Market research refers to the preliminary market research on raw materials pricing and market conditions. Research and development primarily refers to the research and development activities relating to raw materials applications, printing technologies and other production related technologies.

 

Packaging design and development refers to structural and functional design, graphic design, packaging design, display unit design and concept development. Raw materials procurement primarily refers to procurement of paper. Color management refers to calibration of colors according to the requirements of our customers. Print production refers to our inner packaging production by Flexo Printing and Offset Printing as well as outer packaging production of corrugated products. Quality control refers to our quality assurance and product testing. Delivery and logistics refers to deliveries including export to locations designated by our customers.

 

We seek to differentiate ourselves from other local printers through our integrated services covering the entire value chain for paper-based inner and outer packaging products and other packaging accessories. Most of our services are complementary value-added services such as market research, research and development, product design and development, raw materials procurement, product testing and delivery services whereby we do not charge our customers separately. We charge our customers based on the products purchased as a total solution.

 

Our major operating subsidiary groups

 

We operate our businesses in the PRC, Hong Kong and Vietnam under the following wholly-owned subsidiary groups:

 

MP Group: MP Group engages in the production and sale of offset printing packaging products and flexo printing packaging products at our self-operated MP Production Site in the PRC.

 

Yee Woo Group: Yee Woo Group engages in the production and sale of corrugated products at our self-operated Yee Woo Production Site in the PRC.

 

MPG Group: MPG Group primarily engages in packaging products supply chain management solution in the PRC, Hong Kong and Vietnam.

 

Geographical presence

 

Our headquarters are based in Hong Kong with operations in the PRC and Vietnam. We own and run two production sites situated in Guangdong Province of the PRC. We also operate a supply chain management business in Vietnam to service our global clients who source their packaging needs from Vietnam and other ASEAN countries. Our production facilities are strategically located in close proximity with the delivery locations designated by our major customers, and major suppliers in Guangdong Province, the PRC with readily access to major infrastructure. We have also established offices in Hong Kong and Vietnam to service customer orders outside the PRC.

 

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Our Hong Kong office is where the senior management are met to formulate strategies and to hold all of the important management and board meetings. It also handles the sales orders received outside the PRC from overseas (excluding Vietnam) while our Vietnam office is responsible for overseeing the sales transactions in southeast Asia.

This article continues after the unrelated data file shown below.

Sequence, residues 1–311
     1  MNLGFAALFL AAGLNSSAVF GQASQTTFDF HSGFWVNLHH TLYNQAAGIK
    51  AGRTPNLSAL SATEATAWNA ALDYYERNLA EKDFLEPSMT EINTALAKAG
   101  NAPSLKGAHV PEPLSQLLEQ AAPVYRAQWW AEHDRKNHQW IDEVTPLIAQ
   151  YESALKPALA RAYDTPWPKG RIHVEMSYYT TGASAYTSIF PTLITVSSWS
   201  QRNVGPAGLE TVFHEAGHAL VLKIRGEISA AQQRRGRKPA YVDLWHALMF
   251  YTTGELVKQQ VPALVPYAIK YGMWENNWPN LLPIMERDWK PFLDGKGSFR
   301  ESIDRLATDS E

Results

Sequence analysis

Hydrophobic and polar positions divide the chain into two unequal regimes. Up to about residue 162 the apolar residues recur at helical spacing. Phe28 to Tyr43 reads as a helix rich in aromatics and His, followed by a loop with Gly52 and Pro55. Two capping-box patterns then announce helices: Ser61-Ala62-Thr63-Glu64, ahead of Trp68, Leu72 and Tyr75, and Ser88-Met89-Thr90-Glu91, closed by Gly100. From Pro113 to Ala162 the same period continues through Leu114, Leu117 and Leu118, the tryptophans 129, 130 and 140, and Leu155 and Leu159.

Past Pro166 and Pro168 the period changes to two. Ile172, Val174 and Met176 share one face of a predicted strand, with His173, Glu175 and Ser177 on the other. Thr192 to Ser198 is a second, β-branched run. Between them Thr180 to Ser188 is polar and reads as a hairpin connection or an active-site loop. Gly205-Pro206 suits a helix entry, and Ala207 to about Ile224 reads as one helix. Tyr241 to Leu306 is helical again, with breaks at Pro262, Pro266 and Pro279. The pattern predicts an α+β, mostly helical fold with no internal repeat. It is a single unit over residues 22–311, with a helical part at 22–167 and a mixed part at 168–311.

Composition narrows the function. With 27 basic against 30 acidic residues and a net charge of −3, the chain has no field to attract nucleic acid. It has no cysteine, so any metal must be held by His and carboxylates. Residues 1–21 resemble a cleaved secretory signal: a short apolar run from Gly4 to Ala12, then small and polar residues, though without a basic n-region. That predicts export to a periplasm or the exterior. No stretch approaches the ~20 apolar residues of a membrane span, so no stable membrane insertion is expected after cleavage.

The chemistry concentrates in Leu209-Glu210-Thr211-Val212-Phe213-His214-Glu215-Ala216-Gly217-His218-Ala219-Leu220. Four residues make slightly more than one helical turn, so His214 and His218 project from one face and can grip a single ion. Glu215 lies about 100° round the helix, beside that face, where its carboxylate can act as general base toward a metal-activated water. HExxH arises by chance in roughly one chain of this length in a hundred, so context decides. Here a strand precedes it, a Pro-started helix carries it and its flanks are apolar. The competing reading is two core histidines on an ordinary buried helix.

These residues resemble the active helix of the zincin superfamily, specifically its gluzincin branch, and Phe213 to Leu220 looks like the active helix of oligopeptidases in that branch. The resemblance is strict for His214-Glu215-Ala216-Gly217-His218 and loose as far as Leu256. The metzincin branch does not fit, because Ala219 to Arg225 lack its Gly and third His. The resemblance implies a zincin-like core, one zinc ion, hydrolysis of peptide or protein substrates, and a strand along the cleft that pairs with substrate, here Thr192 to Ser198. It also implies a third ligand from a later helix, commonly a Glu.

Packaging Products

 

Packaging products are paper-based inner packaging boxes for storage of merchandises which are produced by applying our Offset Printing technology or flexo printing technology to raw papers, kraft papers, cardboards, carton papers or corrugated paperboards.

 

Packaging products production

 

We manufacture all of our packaging products at our self-owned and self-operated MP Production Site, which is located at No. 4 Industrial Zone, Shui Tian Community, Shiyan Street, Baoan District, Shenzhen, China with an aggregate gross floor area (“GFA”) of approximately 36,000 square meters. The MP Production Site was built in 2000 and include one factory, one ISTA-certified product testing laboratory, staff dormitory accommodating up to 700 staff members, staff kitchen, as well as equipped with sewage treatment facilities.

 

The packaging products production process can be broadly categorized into pre-press, printing and post-printing. Our production process is highly-automated and we use high speed equipment and machinery. The average production lead time from confirmation of customers’ purchase order to delivery of packaging products is 7 to 10 days for repeated orders and 10 to 15 days for new products.

 

Corrugated Products

 

Corrugated paper is a durable, versatile, economical and light weight material and applied in making packaging containers for transportation and storage, pallets for bulk handling as well as point-of-purchase display rack. Our corrugated products refer to outer packaging boxes made of corrugated paperboards. We manufacture corrugated products of different sizes, shapes, thickness and strength according to customers’ specifications.

 

Corrugated products production

 

We manufacture all of our corrugated products at our self-operated Yee Woo Production Site at Yi He Industrial Zone, No. 137 Bao Shi East Road, Shui Tian Community, Shiyan Street, Baoan District, Shenzhen, the PRC. The Yee Woo Production Site was built in 1994 and include one factory and staff dormitory.

 

Operational Flow

 

As of the date of this prospectus, our customer purchase orders were generally procured by quotations. We maintain a systematic workflow comprising B2B sales and marketing, pre-production planning, production, supply-chain services and customer-oriented after-sales supporting services. Typically, the entire process from the confirmation of a customer purchase order to delivery and acceptance of our products by our customers ranged between a few days to six weeks, depending on, among others, the product specifications, purchase order quantity and expected delivery date designated by our customers. Sometimes, our customers may place purchase orders for deliveries designated several months after the date of purchase orders, in which case, the entire process may take longer and we usually commence production at a date closer to the date of delivery. Our production process typically only takes one to two weeks.